as sources of evil like Pandora and Eve is going to have trouble
justifying having sex with them and may conclude that only reproduction
could justify sexual collusion with women. That is exactly what
happened in Christianity. Augustine said that if it were not for
reproduction there would be no use for women at all. In his words,
"in any other task a man would be better helped by another
man." Early attitudes toward women were poisonous. The Mosaic
law assumed male ownership of women. Early church writers said
women lack reason and only possess the image of God through connection
to men. Luther saw women as being like nails in a wall, prohibited
by their nature from moving outside their domestic situation.
And St. Thomas Aquinas said females are produced from male embryos
that were damaged through some accident in the womb, turned into
females. As Professor Gudorf says in her refreshingly sensible
book Body, Sex and Pleasure, the church has rejected all of that
nonsense but "continues to teach most of the sexual moral
code which was founded upon such thinking."
there is new thinking on sexual and reproductive ethics now. As
Gudorf says: "The Roman Catholic Church (and Christianity
in general) has in the last century drastically rethought the
meaning of marriage, the dignity and worth of women, the relationship
between the body and the soul, and the role of bodily pleasure
in Christian life, all of which together have revolutionary implications
for church teaching on sexuality and reproduction. In effect,
the foundations of the old bans have been razed and their replacements
will not support the walls of the traditional ban."
Gudorf and other Catholic theologians do not stand alone in the
church on this dramatic and important change in Catholic teaching.
Pope Pius XII in 1954 laid the groundwork for a change in Catholic
teaching when he permitted the rhythm method. Though he quibbled
about what means could be used he did bless contraceptive intent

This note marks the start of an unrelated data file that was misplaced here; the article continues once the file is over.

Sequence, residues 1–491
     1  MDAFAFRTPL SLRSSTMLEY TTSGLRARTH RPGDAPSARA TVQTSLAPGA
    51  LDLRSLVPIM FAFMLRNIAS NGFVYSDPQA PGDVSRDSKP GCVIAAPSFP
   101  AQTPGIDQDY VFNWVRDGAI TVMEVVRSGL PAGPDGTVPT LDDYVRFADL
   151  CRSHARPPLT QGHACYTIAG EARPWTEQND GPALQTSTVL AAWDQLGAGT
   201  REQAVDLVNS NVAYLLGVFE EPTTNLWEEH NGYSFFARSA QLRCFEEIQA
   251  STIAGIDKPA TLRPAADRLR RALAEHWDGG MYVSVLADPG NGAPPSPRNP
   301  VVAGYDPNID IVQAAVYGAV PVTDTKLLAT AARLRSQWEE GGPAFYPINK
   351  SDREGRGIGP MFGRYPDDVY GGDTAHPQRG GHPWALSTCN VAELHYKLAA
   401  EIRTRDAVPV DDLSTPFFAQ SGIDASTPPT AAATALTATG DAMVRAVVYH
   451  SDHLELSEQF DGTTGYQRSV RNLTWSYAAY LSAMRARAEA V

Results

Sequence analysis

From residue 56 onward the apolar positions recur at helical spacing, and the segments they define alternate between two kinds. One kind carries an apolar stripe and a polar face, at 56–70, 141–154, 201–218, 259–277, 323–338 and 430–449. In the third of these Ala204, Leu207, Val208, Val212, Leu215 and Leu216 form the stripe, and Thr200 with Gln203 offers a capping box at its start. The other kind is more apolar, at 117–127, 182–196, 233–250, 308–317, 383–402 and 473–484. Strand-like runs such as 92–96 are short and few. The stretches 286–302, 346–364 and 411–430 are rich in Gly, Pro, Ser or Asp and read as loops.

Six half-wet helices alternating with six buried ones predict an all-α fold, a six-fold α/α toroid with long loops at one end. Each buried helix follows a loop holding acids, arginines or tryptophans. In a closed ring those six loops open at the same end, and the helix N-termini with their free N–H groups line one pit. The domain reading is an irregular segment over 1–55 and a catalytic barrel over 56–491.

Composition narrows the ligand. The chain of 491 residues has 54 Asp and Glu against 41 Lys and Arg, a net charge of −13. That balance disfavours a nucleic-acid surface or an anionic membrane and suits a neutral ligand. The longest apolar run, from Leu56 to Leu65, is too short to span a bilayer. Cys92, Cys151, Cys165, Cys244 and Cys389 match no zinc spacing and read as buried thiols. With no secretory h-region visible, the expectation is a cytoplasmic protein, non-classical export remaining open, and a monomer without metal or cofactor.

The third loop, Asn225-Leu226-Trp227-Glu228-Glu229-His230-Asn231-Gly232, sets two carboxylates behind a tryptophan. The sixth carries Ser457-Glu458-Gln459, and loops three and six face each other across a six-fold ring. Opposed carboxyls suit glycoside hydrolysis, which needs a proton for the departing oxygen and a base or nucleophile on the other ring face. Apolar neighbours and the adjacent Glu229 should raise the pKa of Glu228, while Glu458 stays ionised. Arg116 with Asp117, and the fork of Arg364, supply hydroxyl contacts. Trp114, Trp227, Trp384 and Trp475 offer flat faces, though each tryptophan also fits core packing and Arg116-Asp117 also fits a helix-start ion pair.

and contraceptive results. He even said there could be multiple
reasons to avoid having any children at all in a marriage. In
1968 when Pope Paul VI reaffirmed the view that all mechanical
or chemical contraception was sinful, the Catholic bishops of
fourteen different countries respectfully disagreed and told the
faithful that they were not sinners if they could not accept this
Most of the
laity, of course, had already made up their minds. The birth rates
in so-called "Catholic" nations in Europe and in Latin
America are close to or below replacement levels and, as Gudorf
wryly puts it, "it is difficult to believe that fertility
was cut in half through voluntary abstinence from sex." Such
dissent from hierarchical teaching by Catholic laity is actually
well provided for in Church teaching. The sensus fidelium, the
sense of the faithful is one of the sources of truth in Catholic
theology. This means that the consciences and experiences of good
people are a guidepost to truth that even the hierarchy must consult.
in its best historical realizations is not as hidebound and authoritarian
as many bishops, popes, and fearful conservatives would make it
seem. There is, as Catholic theologian Charles Curran says, dissent
from hierarchical teaching that is "in and for the church."
Through much of Catholic history the hierarchy taught that all
interest-taking on loans was a sin of usury--even the smallest
amount. The laity saw that this was an error and decided that
too much interest was sinful and that a reasonable amount was
not. A century or two later, the hierarchy agreed...especially
after the Vatican opened a bank and learned some of the facts
of financial life. The laity are again, along with the theologians,
leading the church on the moral freedom to practice contraception
and to use abortion when necessary as a backup. Perhaps if the
hierarchy were married with families, they could follow the wisdom
of the laity in this at a faster pace. It would be a shame if
it took a century or two for them to respect the conscience of
the laity, graced and grounded as that conscience is in the lived
experience of marriage and children.
Christine Gudorf is hopeful in this regard. She believes that
within a generation or two Catholic hierarchical teaching "will
change to encourage contraception in marriage and to allow early
abortion under some circumstances." She continues: "This
change will occur because as the Catholic Church confronts the
reality of a biosphere gasping for survival around its teeming
human inhabitants it will discern the will of God and the presence
of the Spirit in the choices of those who choose to share responsibility
for the lives and health and prosperity of future generations
without reproducing themselves, even if that choice involves artificial
contraception and early abortion."